More than 400 first aid kits were distributed to tour guides in Angkor Archaeological Park last week in an effort to provide emergency medical care to visitors stricken by minor ailments such as cuts or heatstroke.
Prepared by Apsara Authority, the 413 first aid kits contain items such as iodine, gauze, bandages and Tiger Balm. They came with a two-week training course conducted by a team of more than 20 volunteer U.S. doctors, said Long Kosal, a spokesman for the authority.
A police officer and two Apsara Authority officials carry a man during a first aid drill at Angkor Wat in Siem Reap province last week. (Apsara Authority)“As for the weather in Cambodia, sometimes it is steamy, sometimes it is windy and sometimes it is rainy,” Mr. Kosal said. “In our temples, there are uneven areas, so it can cause twisted legs and arms.”
The kits are meant to provide guides and officials with tools to assist customers while waiting for an ambulance from Siem Reap about 7 km away. More than 1 million visitors visit the park annually.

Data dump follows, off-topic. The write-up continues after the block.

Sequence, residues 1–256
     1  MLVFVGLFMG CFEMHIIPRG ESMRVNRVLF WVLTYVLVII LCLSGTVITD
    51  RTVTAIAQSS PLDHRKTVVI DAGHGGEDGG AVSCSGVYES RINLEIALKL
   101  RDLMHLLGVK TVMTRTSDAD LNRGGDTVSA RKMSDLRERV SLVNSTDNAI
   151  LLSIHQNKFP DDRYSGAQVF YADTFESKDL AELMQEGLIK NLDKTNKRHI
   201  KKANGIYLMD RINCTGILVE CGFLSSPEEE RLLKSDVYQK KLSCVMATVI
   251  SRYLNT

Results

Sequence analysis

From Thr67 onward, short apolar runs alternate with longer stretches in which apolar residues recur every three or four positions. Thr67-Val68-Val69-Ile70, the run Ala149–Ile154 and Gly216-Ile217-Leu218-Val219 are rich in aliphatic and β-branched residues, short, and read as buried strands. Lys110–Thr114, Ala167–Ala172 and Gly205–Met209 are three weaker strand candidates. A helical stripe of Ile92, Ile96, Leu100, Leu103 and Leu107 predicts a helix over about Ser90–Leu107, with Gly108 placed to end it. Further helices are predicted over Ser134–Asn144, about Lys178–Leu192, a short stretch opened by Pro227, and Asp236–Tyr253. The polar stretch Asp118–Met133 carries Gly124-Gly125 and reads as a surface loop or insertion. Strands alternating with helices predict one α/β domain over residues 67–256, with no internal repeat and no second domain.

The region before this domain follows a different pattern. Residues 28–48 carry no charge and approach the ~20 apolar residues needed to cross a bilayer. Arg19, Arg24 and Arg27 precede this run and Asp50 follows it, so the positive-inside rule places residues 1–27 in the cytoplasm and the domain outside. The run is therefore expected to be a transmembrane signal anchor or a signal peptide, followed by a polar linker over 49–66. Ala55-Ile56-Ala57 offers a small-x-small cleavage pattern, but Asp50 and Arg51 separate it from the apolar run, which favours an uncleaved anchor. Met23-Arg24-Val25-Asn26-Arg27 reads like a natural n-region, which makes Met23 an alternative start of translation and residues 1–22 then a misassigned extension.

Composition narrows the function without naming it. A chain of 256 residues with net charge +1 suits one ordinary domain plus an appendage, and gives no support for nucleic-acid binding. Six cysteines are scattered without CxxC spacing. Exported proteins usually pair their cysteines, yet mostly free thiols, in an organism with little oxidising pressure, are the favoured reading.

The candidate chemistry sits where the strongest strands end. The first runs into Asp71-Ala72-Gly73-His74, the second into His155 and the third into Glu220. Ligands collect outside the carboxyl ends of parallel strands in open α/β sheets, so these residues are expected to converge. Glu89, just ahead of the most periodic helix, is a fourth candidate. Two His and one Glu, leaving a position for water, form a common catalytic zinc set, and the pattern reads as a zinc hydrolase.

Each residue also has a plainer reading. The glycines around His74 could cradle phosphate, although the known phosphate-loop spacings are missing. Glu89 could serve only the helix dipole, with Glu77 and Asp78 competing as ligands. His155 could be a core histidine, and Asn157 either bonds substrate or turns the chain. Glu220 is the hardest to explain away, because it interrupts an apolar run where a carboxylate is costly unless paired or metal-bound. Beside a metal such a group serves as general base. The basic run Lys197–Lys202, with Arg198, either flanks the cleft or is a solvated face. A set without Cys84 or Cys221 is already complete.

While serious accidents are rare in the park, a Chinese national was evacuated to Bangkok early last year after falling down a flight of stone stairs at Angkor Wat and suffering a brain hemorrhage. *
Some in the park hailed the kits as a welcome means of serving their clients.
“I think that it’s a good idea, because all sectors who serve tourists should have understanding of what this so-called ‘first aid’ is,” said Ly Heang, head of the Khmer Angkor Tour Guide Association.
Others were less certain about the kits’ potential.
“Guides, we’ve always taken along our own medicine to help the tourists a little bit,” said Tok Nhoeun, a tour guide who has worked in the park for 16 years. “I personally take along hand sanitizer and Tiger Balm.”
Europeans climbing on the temples without a guide occasionally fall, “but it’s not a big deal—maybe they’re hurt a bit, but it’s a small thing,” he said.
Mr. Nhoeun said he had never had a customer go to the hospital, and injuries requiring medical care were rare, although heat stroke affected many customers as temperatures often exceded 30 degrees Celsius.
(Additional reporting by Aisha Down)
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